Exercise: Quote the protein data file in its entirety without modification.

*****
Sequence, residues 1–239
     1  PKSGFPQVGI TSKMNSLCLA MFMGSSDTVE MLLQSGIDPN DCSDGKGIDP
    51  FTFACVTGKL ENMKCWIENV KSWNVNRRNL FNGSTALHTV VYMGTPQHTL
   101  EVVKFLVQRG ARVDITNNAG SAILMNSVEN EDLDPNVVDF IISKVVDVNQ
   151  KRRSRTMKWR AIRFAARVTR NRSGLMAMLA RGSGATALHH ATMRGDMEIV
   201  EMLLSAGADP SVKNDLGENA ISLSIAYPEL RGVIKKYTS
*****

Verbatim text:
Sequence, residues 1–239
     1  PKSGFPQVGI TSKMNSLCLA MFMGSSDTVE MLLQSGIDPN DCSDGKGIDP
    51  FTFACVTGKL ENMKCWIENV KSWNVNRRNL FNGSTALHTV VYMGTPQHTL
   101  EVVKFLVQRG ARVDITNNAG SAILMNSVEN EDLDPNVVDF IISKVVDVNQ
   151  KRRSRTMKWR AIRFAARVTR NRSGLMAMLA RGSGATALHH ATMRGDMEIV
   201  EMLLSAGADP SVKNDLGENA ISLSIAYPEL RGVIKKYTS